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Margaret Moore Booker

(b Madison, WI, Sept 25, 1847; d Washington, DC, Nov 20, 1914).

American sculptor. Born Vinnie Ream, Hoxie was a pioneer in a field long dominated by male artists and the first woman sculptor to gain a federal commission. Her strikingly good looks and controversial lifestyle sometimes led male contemporaries to dismiss her as the “pretty chiseler of marble,” but her considerable talent and skill eventually earned her praise and commissions.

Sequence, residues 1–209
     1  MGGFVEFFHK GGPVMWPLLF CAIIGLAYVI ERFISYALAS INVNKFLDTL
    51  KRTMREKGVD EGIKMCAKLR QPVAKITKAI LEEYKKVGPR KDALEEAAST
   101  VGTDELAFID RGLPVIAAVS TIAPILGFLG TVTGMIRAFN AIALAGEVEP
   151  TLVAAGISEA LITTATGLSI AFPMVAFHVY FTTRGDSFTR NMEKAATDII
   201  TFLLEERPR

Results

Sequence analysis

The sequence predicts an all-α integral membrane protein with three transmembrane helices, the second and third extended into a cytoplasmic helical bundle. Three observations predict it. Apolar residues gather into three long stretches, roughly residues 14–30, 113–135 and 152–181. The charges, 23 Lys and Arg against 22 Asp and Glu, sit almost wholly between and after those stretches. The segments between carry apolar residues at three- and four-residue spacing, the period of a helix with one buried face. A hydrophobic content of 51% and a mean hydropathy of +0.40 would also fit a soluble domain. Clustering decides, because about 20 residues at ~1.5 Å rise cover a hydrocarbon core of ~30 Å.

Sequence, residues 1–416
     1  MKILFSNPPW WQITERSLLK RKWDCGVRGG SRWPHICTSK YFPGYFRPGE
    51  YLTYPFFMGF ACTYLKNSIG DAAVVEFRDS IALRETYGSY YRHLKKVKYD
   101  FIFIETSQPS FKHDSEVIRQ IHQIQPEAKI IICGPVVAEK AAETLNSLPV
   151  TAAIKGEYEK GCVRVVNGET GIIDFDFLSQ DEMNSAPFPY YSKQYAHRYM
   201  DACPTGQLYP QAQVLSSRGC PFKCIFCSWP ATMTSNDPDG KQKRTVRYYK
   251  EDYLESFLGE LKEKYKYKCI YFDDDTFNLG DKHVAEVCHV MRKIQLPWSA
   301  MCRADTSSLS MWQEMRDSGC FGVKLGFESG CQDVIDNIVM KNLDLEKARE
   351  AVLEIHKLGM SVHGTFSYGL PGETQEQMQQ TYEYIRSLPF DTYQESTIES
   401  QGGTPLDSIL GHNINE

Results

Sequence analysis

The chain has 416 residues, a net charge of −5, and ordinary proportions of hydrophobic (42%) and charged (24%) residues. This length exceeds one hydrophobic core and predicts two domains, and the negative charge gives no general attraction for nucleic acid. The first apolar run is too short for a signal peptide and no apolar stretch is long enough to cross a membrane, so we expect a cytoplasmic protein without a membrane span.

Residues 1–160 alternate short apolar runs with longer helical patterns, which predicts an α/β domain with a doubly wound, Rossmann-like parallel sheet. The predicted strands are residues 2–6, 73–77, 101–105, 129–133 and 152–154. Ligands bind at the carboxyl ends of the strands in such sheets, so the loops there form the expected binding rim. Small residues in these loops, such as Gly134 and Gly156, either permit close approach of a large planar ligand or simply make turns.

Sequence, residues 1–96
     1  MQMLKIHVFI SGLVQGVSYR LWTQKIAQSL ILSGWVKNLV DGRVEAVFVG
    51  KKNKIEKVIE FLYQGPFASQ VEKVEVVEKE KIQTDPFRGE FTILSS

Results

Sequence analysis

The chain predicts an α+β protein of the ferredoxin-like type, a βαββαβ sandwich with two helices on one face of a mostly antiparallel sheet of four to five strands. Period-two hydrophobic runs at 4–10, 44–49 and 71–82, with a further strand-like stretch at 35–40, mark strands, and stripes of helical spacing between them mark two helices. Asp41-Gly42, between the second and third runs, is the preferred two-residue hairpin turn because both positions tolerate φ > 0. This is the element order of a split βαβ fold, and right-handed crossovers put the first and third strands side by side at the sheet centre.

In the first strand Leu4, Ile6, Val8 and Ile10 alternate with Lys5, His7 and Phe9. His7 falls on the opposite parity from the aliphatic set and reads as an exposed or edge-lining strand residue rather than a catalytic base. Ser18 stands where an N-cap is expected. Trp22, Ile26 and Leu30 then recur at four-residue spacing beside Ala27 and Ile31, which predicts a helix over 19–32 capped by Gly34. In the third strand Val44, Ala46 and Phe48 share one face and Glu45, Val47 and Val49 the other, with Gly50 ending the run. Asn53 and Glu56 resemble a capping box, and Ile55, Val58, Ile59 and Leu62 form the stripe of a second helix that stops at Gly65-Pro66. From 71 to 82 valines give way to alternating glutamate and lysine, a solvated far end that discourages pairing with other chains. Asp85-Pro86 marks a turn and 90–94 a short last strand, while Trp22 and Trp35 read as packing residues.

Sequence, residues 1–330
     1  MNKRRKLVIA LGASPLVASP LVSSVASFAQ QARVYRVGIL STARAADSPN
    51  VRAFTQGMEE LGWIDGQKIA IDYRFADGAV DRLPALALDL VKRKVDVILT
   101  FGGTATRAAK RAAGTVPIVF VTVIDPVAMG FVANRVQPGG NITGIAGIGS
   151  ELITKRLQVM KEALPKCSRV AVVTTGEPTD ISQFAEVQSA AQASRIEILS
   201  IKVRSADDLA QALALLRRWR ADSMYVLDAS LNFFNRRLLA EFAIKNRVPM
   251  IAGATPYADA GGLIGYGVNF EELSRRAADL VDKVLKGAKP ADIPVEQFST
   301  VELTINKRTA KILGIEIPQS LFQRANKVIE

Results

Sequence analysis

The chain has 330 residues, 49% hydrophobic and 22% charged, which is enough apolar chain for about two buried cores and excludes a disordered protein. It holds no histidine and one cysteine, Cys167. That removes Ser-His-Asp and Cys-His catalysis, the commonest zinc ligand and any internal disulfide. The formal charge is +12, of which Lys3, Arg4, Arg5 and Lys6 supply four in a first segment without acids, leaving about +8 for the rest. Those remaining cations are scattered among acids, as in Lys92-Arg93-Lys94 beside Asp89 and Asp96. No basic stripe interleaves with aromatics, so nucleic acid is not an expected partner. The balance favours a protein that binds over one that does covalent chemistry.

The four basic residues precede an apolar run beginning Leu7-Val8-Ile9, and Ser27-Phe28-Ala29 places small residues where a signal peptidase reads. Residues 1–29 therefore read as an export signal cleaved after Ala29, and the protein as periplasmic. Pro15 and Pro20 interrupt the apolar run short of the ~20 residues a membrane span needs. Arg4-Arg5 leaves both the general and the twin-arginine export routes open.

Hoxie attended the Academy (part of Christian College), in Columbia, MO, where she began her artistic studies. By 1861 she was living with her family in Washington, DC, and one year later she was working for the postal service. At the age of 16 she became a student–assistant for sculptor Clark Mills (1810–83), and shortly thereafter made relief medallions and portrait busts of congressmen and other public figures. She was still in her teens when she modeled a bust of Abraham Lincoln (1865; Ithaca, NY, Cornell U. Lib.) from life—an early success that brought her national attention....